What do you call the premeditated murder of 59 people by a heavily armed civilian? News media appear to have settled on the phrase ‘mass shooting’, avoiding the more incendiary term ‘terrorism’ because, we are told, there is no obvious motive behind the shooter’s actions. Masha Gessen in the New Yorker urges us not to describe this as an act of terror because, so far, ‘no evidence has emerged that the Las Vegas shooter was motivated by political beliefs.’ Scott Shane in the New York Times agreed that the ‘mass killing of innocents, even on the scale of Las Vegas, does not automatically meet the generally accepted definition of terrorism, which requires a political, ideological or religious motive.’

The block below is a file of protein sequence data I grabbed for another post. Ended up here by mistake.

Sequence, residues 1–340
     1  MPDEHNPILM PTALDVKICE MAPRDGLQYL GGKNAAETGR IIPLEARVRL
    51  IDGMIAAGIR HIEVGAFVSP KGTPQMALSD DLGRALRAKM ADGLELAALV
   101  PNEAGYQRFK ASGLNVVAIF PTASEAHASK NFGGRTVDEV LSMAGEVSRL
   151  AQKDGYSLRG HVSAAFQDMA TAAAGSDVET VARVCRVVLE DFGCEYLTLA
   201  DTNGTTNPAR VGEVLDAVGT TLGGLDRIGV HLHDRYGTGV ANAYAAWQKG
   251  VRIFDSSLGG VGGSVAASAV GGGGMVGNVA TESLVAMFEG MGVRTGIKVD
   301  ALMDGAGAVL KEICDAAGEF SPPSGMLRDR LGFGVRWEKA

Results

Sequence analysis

On the BBC’s Today programme yesterday, some nine hours after the horror of the Manchester bombing, Nick Robinson was speaking to Chris Phillips, a counter-terrorism expert. ‘Terrorists don’t care who they kill,’ Phillips said. ‘It’s the number of bodybags that determines success.’ ‘And the publicity,’ Robinson interjected. ‘And the publicity,’ Phillips agreed. The Today programme then dutifully devoted its entire three hours of programming to coverage of the bombing (apart from a few minutes on weather and sport). This was before the perpetrator had been identified and before the security services had been able to assess whether or not the attack was an isolated incident. Coverage mostly consisted of commentators speculating on motives, along with a series of harrowing eyewitness accounts that helped to amplify the main objectives of terrorism: to create fear and to sow division.